Blue Thunder (Special Edition)

Roy Scheider stars in this intense action thriller as a courageous police officer pilot battling government fanatics planning to misuse an experimental attack helicopter. Chosen to test BLUE THUNDER Frank Murphy (Scheider) is amazed by the high-speed high-tech chopper. It can see through walls record a whisper or level a city block. Distrusting the military mentality behind BLUE THUNDER Murphy and his partner Lymangood (Daniel Stern) soon discover that the remarkable craft is slated for use as the ultimate weapon in surveillance and crowd control. Jeopardized after being discovered by sinister Colonel Cochrane (Malcolm McDowell) Murphy flies BLUE THUNDER against military aircraft in a spellbinding contest over Los Angeles.System Requirements:Run Time: 109 minutesFormat: DVD MOVIE Genre: ACTION/ADVENTURE Rating: R UPC: 043396108882 Manufacturer No: 10888

Crawl of the Concordes

A couple of days ago I went to Floyd Bennett Field to once again renew my fishing license. On the way in I noticed a familiar plane standing next to the new Aviator Sports Center.

I went by to take some pictures, and a rather unfriendly security guard explained to me how this worked: I needed to go inside, buy some food and then I could take all the pictures I wanted and even get a tour of the inside of the plane.

Don’t you hate it when security guards jump out of nowhere and will not leave you alone unless they can make you comply with their wishes? Or the way they repeatedly call you “sir”, but they pronounce “sir” as they would “jerkoff”? Anyway, despite the unpleasant tone in which this information was conveyed, it was a pretty good deal. Last time when I wanted to see the same Concord, I had to pay 15 bucks or so and stand in a long line. The inside tour was, and still is not very interesting. The chairs are not original (the real ones were auctioned off) and they don’t let you into the pilot’s cabin. Sitting down and imagining how it would have been to fly on a Concord would have been interesting.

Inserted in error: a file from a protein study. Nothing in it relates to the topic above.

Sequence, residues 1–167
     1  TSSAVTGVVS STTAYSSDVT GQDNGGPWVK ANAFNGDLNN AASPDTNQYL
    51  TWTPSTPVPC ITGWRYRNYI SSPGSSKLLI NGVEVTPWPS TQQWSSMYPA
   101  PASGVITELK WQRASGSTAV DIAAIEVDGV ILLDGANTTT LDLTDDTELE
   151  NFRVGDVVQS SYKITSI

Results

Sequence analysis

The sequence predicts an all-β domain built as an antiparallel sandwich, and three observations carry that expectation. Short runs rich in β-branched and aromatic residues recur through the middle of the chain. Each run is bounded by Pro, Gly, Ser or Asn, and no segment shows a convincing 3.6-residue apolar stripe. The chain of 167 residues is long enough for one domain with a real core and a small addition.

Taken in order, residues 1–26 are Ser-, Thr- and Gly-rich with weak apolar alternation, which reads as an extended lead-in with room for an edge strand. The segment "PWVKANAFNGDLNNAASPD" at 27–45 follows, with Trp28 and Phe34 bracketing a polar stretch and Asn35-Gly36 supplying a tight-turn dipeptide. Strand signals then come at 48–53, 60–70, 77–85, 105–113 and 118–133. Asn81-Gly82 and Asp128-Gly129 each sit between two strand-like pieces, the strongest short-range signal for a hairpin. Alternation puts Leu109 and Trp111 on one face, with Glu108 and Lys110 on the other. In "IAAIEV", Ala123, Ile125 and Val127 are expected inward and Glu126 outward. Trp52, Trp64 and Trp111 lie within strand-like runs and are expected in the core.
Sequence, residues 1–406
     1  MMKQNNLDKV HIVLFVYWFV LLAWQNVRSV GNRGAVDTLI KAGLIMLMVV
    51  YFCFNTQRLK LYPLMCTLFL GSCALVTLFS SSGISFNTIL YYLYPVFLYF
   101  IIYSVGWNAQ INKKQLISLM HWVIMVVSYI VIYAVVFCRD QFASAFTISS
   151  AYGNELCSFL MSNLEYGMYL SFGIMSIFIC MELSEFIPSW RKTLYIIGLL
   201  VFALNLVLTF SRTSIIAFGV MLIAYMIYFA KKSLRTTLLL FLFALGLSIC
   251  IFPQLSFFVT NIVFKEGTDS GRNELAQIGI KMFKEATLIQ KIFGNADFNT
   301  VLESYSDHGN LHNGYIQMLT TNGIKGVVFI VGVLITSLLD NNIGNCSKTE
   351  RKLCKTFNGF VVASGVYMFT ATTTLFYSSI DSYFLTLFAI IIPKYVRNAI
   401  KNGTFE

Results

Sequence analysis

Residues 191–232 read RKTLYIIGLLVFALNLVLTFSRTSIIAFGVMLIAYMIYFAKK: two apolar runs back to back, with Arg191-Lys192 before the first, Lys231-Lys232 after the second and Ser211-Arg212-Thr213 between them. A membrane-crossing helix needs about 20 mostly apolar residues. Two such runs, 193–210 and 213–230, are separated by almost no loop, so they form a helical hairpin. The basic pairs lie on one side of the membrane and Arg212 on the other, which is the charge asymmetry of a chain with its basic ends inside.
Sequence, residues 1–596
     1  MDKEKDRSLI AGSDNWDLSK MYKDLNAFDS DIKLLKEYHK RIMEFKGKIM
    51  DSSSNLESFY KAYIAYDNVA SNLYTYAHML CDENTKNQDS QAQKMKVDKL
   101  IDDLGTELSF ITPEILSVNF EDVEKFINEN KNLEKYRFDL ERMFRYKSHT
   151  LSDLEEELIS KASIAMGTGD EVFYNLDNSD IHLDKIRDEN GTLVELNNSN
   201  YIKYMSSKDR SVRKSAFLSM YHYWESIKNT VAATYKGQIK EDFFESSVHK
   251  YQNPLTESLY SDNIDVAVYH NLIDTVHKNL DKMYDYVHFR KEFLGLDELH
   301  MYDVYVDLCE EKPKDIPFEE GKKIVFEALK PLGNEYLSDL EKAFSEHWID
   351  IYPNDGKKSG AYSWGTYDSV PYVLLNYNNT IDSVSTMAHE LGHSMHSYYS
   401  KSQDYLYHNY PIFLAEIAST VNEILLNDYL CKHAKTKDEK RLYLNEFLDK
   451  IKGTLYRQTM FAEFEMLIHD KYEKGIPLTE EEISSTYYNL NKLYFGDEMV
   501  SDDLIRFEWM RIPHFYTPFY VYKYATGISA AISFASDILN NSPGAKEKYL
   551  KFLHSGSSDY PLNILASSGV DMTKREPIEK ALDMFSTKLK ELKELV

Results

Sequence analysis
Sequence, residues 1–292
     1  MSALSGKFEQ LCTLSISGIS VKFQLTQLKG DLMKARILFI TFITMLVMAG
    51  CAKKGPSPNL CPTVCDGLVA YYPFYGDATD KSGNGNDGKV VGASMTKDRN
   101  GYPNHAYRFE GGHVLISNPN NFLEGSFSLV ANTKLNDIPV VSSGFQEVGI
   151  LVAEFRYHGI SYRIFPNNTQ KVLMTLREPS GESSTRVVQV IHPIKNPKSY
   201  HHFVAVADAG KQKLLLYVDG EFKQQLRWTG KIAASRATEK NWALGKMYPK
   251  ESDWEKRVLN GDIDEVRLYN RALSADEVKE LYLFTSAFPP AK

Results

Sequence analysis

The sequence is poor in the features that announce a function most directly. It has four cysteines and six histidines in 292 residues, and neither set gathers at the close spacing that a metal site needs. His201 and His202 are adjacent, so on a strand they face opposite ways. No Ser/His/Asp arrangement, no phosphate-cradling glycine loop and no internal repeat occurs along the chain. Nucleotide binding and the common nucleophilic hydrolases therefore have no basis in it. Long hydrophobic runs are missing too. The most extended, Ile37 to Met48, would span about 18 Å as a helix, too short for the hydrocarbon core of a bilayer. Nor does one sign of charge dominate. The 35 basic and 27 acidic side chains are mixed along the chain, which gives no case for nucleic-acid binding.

Despite that, the experience that I’ve had is even weirder. At the Floyd Bennett Field the Concorde is tied down to several concrete blocks and basically serves as a giant shade over several picnic tables. Eating cafeteria food under the mighty engines is rather unique. I ate and remembered how every fishing trip that I took out of Sheepshead Bay I waited for the loud whine that announced the streamlined needle that propelled the rich on their way to London or Paris and the sonic boom that followed a little later. Also, I remembered seeing the horrible pictures of a Concorde on fire and imagining what it must have been like for its passengers on their way to New York.

The whine of the Concorde engines over Jamaica Bay always stuck with me, and made me especially appreciate the airplane sound in Darren Aranovskiy’s “Requiem for a Dream” sequences. There’s something about that sound, the promise of a larger world, of a possible escape, of bigger, better things in life, and also of the danger of losing everything is a giant ball of fire.

The butt of the Concorde looks like a cheery 60s robot:

Airplane!

While I’ve done less blogging recently, I’ve done a lot more flying. Watching flight attendants do their ancient dance over and over, I could not stop wondering if a single airliner passenger ever had to use the seat cushion as a flotation device after a “water landing.”

As it turns out, airliner pilots performed “water landings” or “ditchings” as they are properly called, successfully several times. In fact, while not technically ditching, jets (and their passengers) go a-swimming in the East River after running off the runway at our own LaGuardia Airport all the time. Well, twice.

I was traveling on Southwest Airlines the evening of the JetBlue debacle. My flight was 5 hours late, which would have not been too bad since I had an interesting book with me, but the Southwest Airlines employees made absolutely sure that I would not send much of it reading. For a couple of hours they bounced me from a long line to a long line just to check in. Then I spent a couple of hours in other lines trying to figure out why my ticket did not have a seat assignment. Finally, after 5 hours, just as the plane was finally filled with passengers, I was told that there would not be a seat for me, and I would need to go back out past the security checkpoint to talk to customer service. As I was standing in yet another line, I finally won a reprieve, was given a seat somehow, but not before having to go back through the security checkpoint again.